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Contracts, control, and money.

When former Excelerate Gaming Call of Duty player Michael “Beehzy” Said took to YouTube and described a mid-season, contract re-negotiation as bordering on blackmail and extortion, the esports world took notice. Organization owners, pundits, and fans at once condemned the CEO and owner of Excelerate Gaming, Justin Tan, for dropping his entire Call of Duty team for reasons believed to be unethical.

Money changes people. For better or worse, when large sums of money are infused into a space where it hasn’t been seen before, whether that be personal, a business, or an industry, sometimes it brings out the worst in humanity. Add to the equation, a business owner who probably was in over his head and employees who had blinders on looking only at salary size and not contract sections, you have a recipe for disaster.

VPEsports reached out to Justin Tan to discuss what he says happened at Excelerate Gaming that caused such an uproar. Was what Beehzy was saying true or was this an emotionally charged situation where hurt people took to social media to take shots at each other? Maybe both? Here’s what he had to say.

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The last couple of days has seen your name dragged through the mud with some pretty serious accusations thrown your way. Everything from blackmail to extortion in regard to strongarm tactics used to get players to sign contracts when they were already under contracts. Thoughts?

First, let me say that I definitely made some mistakes and there are certain things I should never have done. There was a point where there was very little staff, I was going to school, and I was dealing with multiple teams. I got frustrated because I was overwhelmed. I’m young and learning on the go, but I will say this, I have never done anything out of spite or malice. I honestly thought that I was making the right business decisions. Looking back, the way I went about some things was dumb and I am so sorry for that. People probably won’t believe me right away, so I will just have to show them that I’ve learned from this. However, that’s not even the worst part. The worst part is how it affected the players.

When did you first decide you wanted to be an esports organization owner and run a Call of Duty team? Did you have a business plan what was your end goal?

I did a lot of research and presented some numbers to my dad who is very smart and understands things. It’s not a secret he has money to invest. He also did some research and said, yeah, the time is right to get into esports, so he invested in my company. Call of Duty made sense for me because my manager knew the scene and if you can put together a good team and win, you might be able to get into the league as a franchised spot. So my business plan was to either develop a great Call of Duty team and continue to own and operate them or sell the team and the slot, if we got in, which we did.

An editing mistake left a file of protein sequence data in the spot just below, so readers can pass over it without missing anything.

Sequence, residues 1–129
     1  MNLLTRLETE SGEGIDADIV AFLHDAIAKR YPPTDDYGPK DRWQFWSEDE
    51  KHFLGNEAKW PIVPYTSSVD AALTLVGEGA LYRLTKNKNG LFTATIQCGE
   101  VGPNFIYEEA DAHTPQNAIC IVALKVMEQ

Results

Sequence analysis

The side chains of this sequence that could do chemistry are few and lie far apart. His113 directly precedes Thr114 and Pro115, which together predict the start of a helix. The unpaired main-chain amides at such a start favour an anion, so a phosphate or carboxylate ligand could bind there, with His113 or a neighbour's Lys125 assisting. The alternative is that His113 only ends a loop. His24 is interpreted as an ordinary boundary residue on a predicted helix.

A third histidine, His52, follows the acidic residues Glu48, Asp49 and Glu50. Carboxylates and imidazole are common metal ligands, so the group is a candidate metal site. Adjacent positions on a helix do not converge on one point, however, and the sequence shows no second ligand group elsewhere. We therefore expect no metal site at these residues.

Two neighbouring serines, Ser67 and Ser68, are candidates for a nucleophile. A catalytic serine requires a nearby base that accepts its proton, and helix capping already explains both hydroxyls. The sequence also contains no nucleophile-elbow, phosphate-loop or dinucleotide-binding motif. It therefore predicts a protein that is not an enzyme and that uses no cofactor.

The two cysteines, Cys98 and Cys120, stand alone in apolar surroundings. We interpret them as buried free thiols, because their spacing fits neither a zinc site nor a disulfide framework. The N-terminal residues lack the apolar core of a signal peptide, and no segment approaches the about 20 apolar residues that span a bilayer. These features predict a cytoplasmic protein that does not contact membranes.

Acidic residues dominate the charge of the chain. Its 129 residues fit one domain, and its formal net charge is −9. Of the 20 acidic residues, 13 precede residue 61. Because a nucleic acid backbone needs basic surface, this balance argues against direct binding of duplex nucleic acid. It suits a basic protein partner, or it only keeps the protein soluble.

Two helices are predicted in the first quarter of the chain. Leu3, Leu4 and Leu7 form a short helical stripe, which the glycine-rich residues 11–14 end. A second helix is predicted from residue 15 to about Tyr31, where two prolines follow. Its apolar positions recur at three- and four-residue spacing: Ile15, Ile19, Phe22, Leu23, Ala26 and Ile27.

Your team gets into the Call of Duty World League and obviously you took the route of trying to sell the squad and the slot. This seems to be the beginning of the end. What happened?

Well actually it may have been the removal of Ethan “FA5TBALLA” Wedgeworth from the team that started it all but yeah once we got in the league I solicited teams for offers and ended up selecting Wildcard’s offer. The sale was actually made and the contract signed by both sides on January 30. However, due to the contracts being so vague, which again was my fault but have since fixed, negotiations between Wildcard and the players went south. The two sides couldn’t not agree on salary, terms, etc. So, they were not going to get what they were getting with me previously. I should have negotiated something along those lines in advance. I just didn’t think about it. So, when the players came back to me saying man this sucks is there anything you can do, I asked them if they wanted to come back. They said yes. So, on February 1 we dissolved the deal. So technically they were Wildcard players for two days which is another story in itself as far as money owed.

Talk to me about that. Players have come forward saying you owe them money or they didn’t get paid on time. The community at large really hates that kind of stuff. Is what the players are saying true?

Some of it, yes.  There have been late payments and some discrepancies. For instance, I fully expected Wildcard to pay the team the two days’ worth of salary since the guys were a part of that org, but that didn’t happen.  The guys were shorted four days because we were trying to figure out who owes what. I should have just paid it and then gotten them to pay me back. However, after all this, I see that was not right and I have since paid the players. In fact, I have paid them everything they are owed.